Article Text

Reporting of methodological studies in health research: a protocol for the development of the MethodologIcal STudy reportIng Checklist (MISTIC)
  1. Daeria O Lawson1,
  2. Livia Puljak2,
  3. Dawid Pieper3,
  4. Stefan Schandelmaier1,4,
  5. Gary S Collins5,
  6. Romina Brignardello-Petersen1,
  7. David Moher6,7,
  8. Peter Tugwell8,9,
  9. Vivian A Welch7,9,
  10. Zainab Samaan1,
  11. Brett D Thombs10,11,
  12. Anders K Nørskov12,
  13. Janus C Jakobsen12,13,
  14. David B Allison14,
  15. Evan Mayo-Wilson14,
  16. Taryn Young15,
  17. An-Wen Chan16,
  18. Matthias Briel1,4,
  19. Gordon H Guyatt1,
  20. Lehana Thabane17,18,19,
  21. Lawrence Mbuagbaw1,20
  1. 1Department of Health Research Methods, Evidence, and Impact, McMaster University, Hamilton, Ontario, Canada
  2. 2Center for Evidence-Based Medicine and Health Care, Catholic University of Croatia, Zagreb, Croatia
  3. 3Institute for Research in Operative Medicine, Witten/Herdecke University, Cologne, Germany
  4. 4Institute for Clinical Epidemiology and Biostatistics, Department of Clinical Research, University and University Hospital of Basel, Basel, Switzerland
  5. 5Centre for Statistics in Medicine, Nuffield Department of Orthopaedics, Rheumatology and Musculoskeletal Sciences, University of Oxford, Oxford, UK
  6. 6Centre for Journalology, Clinical Epidemiology Program, Ottawa Hospital Research Institute, Ottawa, Ontario, Canada
  7. 7School of Epidemiology and Public Health, Faculty of Medicine, University of Ottawa, Ottawa, Ontario, Canada
  8. 8School of Epidemiology and Public Health, Faculty of Medicine and Department of Medicine, University of Ottawa, Ottawa, Ontario, Canada
  9. 9Bruyère Research Institute, Ottawa, Ontario, Canada
  10. 10Faculty of Medicine, McGill University, Montreal, Quebec, Canada
  11. 11Lady Davis Institute for Medical Research, Jewish General Hospital, Montreal, Quebec, Canada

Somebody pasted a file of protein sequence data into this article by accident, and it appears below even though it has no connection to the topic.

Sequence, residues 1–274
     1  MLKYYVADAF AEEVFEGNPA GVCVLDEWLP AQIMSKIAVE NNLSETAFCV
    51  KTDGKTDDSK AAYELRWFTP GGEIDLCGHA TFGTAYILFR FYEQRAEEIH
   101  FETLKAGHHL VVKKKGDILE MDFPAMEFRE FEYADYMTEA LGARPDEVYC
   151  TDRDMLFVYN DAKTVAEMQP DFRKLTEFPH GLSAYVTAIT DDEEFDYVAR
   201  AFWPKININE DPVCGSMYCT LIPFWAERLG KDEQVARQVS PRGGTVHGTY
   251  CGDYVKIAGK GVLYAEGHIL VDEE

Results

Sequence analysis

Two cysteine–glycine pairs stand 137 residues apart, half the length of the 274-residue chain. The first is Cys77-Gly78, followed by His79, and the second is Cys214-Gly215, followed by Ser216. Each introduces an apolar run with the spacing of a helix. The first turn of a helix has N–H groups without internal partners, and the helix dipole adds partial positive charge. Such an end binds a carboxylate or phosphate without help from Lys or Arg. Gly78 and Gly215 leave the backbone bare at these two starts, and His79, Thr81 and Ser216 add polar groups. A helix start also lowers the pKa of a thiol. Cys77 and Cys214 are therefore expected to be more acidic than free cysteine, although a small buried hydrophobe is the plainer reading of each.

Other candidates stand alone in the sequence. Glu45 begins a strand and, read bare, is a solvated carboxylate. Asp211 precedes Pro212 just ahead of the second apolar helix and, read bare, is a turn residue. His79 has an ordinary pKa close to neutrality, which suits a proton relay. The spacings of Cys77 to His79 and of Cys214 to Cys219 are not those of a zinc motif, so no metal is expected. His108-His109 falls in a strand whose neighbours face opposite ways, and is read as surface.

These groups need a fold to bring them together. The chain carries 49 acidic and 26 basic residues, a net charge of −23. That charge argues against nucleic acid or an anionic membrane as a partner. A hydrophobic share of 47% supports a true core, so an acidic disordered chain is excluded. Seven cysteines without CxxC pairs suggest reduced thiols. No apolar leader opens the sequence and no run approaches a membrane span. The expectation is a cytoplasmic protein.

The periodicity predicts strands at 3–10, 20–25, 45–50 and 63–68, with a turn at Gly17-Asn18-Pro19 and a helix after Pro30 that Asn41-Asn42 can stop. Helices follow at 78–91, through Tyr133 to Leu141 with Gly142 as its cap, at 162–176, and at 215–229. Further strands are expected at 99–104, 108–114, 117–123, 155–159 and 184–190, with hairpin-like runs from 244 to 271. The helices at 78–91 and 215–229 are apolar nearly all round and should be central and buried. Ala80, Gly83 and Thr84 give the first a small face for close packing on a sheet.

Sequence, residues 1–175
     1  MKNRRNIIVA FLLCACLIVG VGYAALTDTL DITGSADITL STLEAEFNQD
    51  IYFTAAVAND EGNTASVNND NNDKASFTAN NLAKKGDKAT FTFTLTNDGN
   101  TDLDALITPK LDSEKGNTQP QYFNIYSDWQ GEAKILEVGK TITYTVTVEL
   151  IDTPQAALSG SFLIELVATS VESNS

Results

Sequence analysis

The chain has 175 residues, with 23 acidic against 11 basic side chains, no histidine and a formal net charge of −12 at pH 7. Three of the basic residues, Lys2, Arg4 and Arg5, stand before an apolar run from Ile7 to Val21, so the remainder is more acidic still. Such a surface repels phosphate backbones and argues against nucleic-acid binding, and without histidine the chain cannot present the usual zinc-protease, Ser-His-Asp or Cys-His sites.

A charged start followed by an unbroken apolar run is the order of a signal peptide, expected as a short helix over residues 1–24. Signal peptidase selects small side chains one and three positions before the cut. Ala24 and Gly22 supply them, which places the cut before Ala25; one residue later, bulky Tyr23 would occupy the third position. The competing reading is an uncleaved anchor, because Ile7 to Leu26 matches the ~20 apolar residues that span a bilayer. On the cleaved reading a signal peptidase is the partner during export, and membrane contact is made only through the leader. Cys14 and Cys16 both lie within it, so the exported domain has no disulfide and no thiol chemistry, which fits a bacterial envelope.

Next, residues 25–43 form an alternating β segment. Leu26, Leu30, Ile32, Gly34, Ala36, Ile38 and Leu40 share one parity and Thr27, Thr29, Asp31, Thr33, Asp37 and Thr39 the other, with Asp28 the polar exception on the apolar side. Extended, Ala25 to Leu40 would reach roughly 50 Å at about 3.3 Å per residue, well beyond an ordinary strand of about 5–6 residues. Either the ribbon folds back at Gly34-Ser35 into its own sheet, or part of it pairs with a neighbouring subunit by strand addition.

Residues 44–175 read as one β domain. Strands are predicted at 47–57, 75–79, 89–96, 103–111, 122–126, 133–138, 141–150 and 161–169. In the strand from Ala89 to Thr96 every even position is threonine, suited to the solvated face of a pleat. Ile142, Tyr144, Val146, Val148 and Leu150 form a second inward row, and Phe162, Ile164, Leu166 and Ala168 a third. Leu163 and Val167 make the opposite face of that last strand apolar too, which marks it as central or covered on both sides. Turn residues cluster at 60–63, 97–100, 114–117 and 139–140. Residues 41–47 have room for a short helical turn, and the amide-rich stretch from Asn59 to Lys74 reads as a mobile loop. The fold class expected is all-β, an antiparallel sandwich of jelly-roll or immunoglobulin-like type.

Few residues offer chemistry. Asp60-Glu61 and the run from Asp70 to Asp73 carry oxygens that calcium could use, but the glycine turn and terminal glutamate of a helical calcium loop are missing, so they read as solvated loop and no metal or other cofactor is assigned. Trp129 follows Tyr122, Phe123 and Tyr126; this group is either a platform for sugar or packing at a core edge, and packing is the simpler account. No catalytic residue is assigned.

12. 12Copenhagen Trial Unit, Rigshospitalet, Copenhagen University Hospital, Copenhagen, Denmark
  13. 13Department of Regional Health Research, The Faculty of Heath Sciences, University of Southern Denmark, Odense, Denmark
  14. 14Department of Epidemiology and Biostatistics, Indiana University School of Public Health-Bloomington, Bloomington, Indiana, USA
  15. 15Centre for Evidence-based Health Care, Division of Epidemiology and Biostatistics, Faculty of Medicine and Health Sciences, Stellenbosch University, Cape Town, South Africa
  16. 16Department of Medicine, Women’s College Research Institute, University of Toronto, Toronto, Ontario, Canada
  17. 17Department of Health Research Methods, Evidence, and Impact, and Departments of Paediatrics and Anaesthesia, McMaster University, Hamilton, Ontario, Canada
  18. 18Biostatistics Unit, Father Sean O'Sullivan Research Centre and Centre for Evaluation of Medicine, Saint Joseph's Healthcare Hamilton, Hamilton, Ontario, Canada
  19. 19Population Health Research Institute, Hamilton Health Sciences, Hamilton, Ontario, Canada
  20. 20Biostatistics Unit, Father Sean O'Sullivan Research Centre, Saint Joseph's Healthcare Hamilton, Hamilton, Ontario, Canada
  1. Correspondence to Daeria O Lawson; lawsod3{at}


Introduction Methodological studies (ie, studies that evaluate the design, conduct, analysis or reporting of other studies in health research) address various facets of health research including, for instance, data collection techniques, differences in approaches to analyses, reporting quality, adherence to guidelines or publication bias. As a result, methodological studies can help to identify knowledge gaps in the methodology of health research and strategies for improvement in research practices. Differences in methodological study names and a lack of reporting guidance contribute to lack of comparability across studies and difficulties in identifying relevant previous methodological studies. This paper outlines the methods we will use to develop an evidence-based tool—the MethodologIcal STudy reportIng Checklist—to harmonise naming conventions and improve the reporting of methodological studies.